Sherry Henry, Fiesta Inn Resort president and general manager, said not only was the Tempe hotel full for four or five days in 1996, but there was a lasting effect on tourism once the NFL left town.
"The years of the mid-’90s were some of the greatest hotel profit years in history," Henry said. "That’s what I mean about that residual effect. That’s the part that’s probably the hardest to measure because people aren’t going to say at your front desk ‘Gee, I came here because I saw you on the Super Bowl.’ Unfortunately, most front desks won’t ask people so there’s almost no way to track that."
SHOWING OFF AREA
Gregg Holmes, 2008 Super Bowl bid committee chairman, said the Valley receives more than tourism dollars.
"It is one of the few venues in the world, including the Olympics, where you have a opportunity to bring people at an extremely high level who are CEOs and site selection specialists to influence the decision of where companies will locate and do business on an on-going basis," said Holmes, who was chairman of the Super Host Committee in 1996, a meet-and-greet group formed to sell the area.
"It’s a place to spotlight quality of life, it’s a place to spotlight the business environment and how well connected and technologically advanced this market is so as to connect to those assets in order to conduct business on a daily basis."
Brinton recalls surveys showing that somewhere between 20 percent and 30 percent of game attendees surveyed in 1996 had never been to the Valley before.
"These are Fortune 500 companies and Fortune 1,000 companies," he said. "In terms of things like that, it’s rather exceptional in terms of the exposure that you get."
Among those who went to the game, half said they would seriously consider holding future business meetings here, the ASU study found.
Still, those who attended the game were less bullish about expanding or establishing businesses here, with 33 percent saying they would consider it.
That compares to the 49 percent of owners or executives who did not attend the game — but came for other Super Bowl activities — who said they would consider expanding or establishing business operations here.
Monti, owner of Monti’s La Casa Vieja steak house on Mill Avenue in Tempe, remembers Super Bowl XXX being a mixed bag.
Because it’s a very elite event, there’s plenty of business for the high-end catering companies and restaurants, he said. But the game didn’t do much for the Tempe economy, he said.
The city, the NFL and the media hyped the Super Bowl and the traffic jams it would create so much that regular business dropped off drastically two weeks before the game, he said. The other problem was many people attending the game didn’t stick around long.
"The fact is, especially at that time because there’s been several significant large resorts built since then, a lot of the people attending the game were staying in Las Vegas and flew in on game day," he said, adding his parking lot was used for a party of 800.
"They had barbecue with T-bones and chicken, a full-bar and a band in a big tent," he said."Then they all marched up the street led by bagpipers, and I think Westwood High School’s marching band.
"They marched over to the stadium, had the game and then they marched back for a cookie break and refreshments. Then they all got a fleet of buses that took them straight to the airport to fly to Hawaii for the Pro Bowl."
Monti said the only reason he was able to book the party was because the adviser to the company holding it had worked with Monti’s dad in the late 1950s as a bar tender.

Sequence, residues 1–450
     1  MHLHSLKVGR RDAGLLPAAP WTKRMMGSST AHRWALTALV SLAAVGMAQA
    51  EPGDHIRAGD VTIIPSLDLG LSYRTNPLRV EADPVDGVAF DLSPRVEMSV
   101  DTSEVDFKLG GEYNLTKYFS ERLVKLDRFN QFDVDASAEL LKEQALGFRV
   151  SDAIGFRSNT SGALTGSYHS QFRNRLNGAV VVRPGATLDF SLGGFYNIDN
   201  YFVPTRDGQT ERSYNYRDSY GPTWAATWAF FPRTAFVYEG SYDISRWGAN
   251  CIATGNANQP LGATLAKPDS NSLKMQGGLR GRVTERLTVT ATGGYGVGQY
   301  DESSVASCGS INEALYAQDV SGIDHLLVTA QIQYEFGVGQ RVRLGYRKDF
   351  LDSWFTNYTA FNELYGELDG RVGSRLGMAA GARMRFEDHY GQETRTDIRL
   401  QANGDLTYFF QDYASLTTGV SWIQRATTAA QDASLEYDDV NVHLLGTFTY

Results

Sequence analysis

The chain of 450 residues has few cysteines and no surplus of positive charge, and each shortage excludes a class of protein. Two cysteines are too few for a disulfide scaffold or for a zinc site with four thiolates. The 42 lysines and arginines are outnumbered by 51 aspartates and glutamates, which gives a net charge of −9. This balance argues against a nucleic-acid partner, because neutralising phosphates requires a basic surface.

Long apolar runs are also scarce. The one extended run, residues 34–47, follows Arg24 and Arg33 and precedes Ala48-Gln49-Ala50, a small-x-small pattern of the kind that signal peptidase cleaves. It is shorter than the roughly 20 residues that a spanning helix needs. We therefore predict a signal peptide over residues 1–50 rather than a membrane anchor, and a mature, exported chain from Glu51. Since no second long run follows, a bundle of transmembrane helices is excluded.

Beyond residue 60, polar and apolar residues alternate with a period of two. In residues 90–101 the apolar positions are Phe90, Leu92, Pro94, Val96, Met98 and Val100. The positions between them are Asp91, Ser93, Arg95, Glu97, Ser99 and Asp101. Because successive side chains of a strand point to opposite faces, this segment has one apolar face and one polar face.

"It was an inside connection otherwise it was a huge party that would have gone to some elite catering outfit out of Scottsdale," he said.
Monti expects the 2008 game to go better.
"They hype that affected us in 1996 will effect them ,and it will probably place more regular snowbirds over toward our end of the Valley," he said. "I’m a firm believer that more bodies in the Valley is always a better thing in tourist season and I believe it will bring economic benefit. But the thing to be remembered is the typical Super Bowl goer is an elite traveler.
Mesa’s Brinton says the distance between the 2008 game site and the East Valley shouldn’t hurt much.
"Much like if we take Phoenix International Raceway, Cactus League or any other major sporting event here, it fills up rooms either from primary rooms, i.e. the event itself, or displaced rooms, the ripple effect of pushing out the demand of other people who do need to come here for other reasons than that," he said. "We know that still Scottsdale has the resorts and that Glendale doesn’t. And it’s doubtful that any major resort would be built over there, so I think Scottsdale should still do fine as far as an East Valley city."
Scottsdale and Paradise Valley have about a quarter of their rooms blocked for the game, said Rachel Sacco of the Scottsdale Convention and Visitors Bureau. But Mesa didn’t block as many rooms as it did for the 1996 game.
"What I’m looking at more than anything is the bounce that you get that should come the following year after that in terms of just overall awareness of the Valley of people seeing it, and seeing the sunshine and the pictures and all of the things going on and saying ‘Wow, let’s add that to our list of possibilities,’ " Brinton said.
Pollster Nelson says we’re more like San Diego than Houston.
"One of the things that’s particularly important is weather, especially because the Super Bowl is always in January or February where it’s cold in the rest of the country," he said. "So selling tourism based on weather really is a factor.
"When they do those shots that show it being bright and sunny and they do those shots that show people on the golf course, yeah, a place like Phoenix is going to do very well because it is a tourist destination, especially in the winter months."